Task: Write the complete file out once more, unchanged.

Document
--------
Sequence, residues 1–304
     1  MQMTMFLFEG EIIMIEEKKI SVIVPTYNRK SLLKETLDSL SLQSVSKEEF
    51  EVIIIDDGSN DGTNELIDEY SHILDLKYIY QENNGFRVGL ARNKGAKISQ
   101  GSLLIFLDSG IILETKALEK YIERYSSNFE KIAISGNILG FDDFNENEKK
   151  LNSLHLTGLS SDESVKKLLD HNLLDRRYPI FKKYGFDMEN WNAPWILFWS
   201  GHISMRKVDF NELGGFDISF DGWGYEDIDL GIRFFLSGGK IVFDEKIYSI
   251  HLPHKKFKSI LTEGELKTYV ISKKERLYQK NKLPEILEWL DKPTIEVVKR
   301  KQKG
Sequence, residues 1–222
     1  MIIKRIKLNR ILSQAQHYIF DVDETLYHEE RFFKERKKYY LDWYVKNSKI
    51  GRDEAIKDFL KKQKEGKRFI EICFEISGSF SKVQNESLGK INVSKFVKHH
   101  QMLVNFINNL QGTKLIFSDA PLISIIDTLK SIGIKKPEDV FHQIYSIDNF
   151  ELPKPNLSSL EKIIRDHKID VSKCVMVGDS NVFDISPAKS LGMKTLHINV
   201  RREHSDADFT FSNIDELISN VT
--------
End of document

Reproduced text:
Sequence, residues 1–304
     1  MQMTMFLFEG EIIMIEEKKI SVIVPTYNRK SLLKETLDSL SLQSVSKEEF
    51  EVIIIDDGSN DGTNELIDEY SHILDLKYIY QENNGFRVGL ARNKGAKISQ
   101  GSLLIFLDSG IILETKALEK YIERYSSNFE KIAISGNILG FDDFNENEKK
   151  LNSLHLTGLS SDESVKKLLD HNLLDRRYPI FKKYGFDMEN WNAPWILFWS
   201  GHISMRKVDF NELGGFDISF DGWGYEDIDL GIRFFLSGGK IVFDEKIYSI
   251  HLPHKKFKSI LTEGELKTYV ISKKERLYQK NKLPEILEWL DKPTIEVVKR
   301  KQKG
Sequence, residues 1–222
     1  MIIKRIKLNR ILSQAQHYIF DVDETLYHEE RFFKERKKYY LDWYVKNSKI
    51  GRDEAIKDFL KKQKEGKRFI EICFEISGSF SKVQNESLGK INVSKFVKHH
   101  QMLVNFINNL QGTKLIFSDA PLISIIDTLK SIGIKKPEDV FHQIYSIDNF
   151  ELPKPNLSSL EKIIRDHKID VSKCVMVGDS NVFDISPAKS LGMKTLHINV
   201  RREHSDADFT FSNIDELISN VT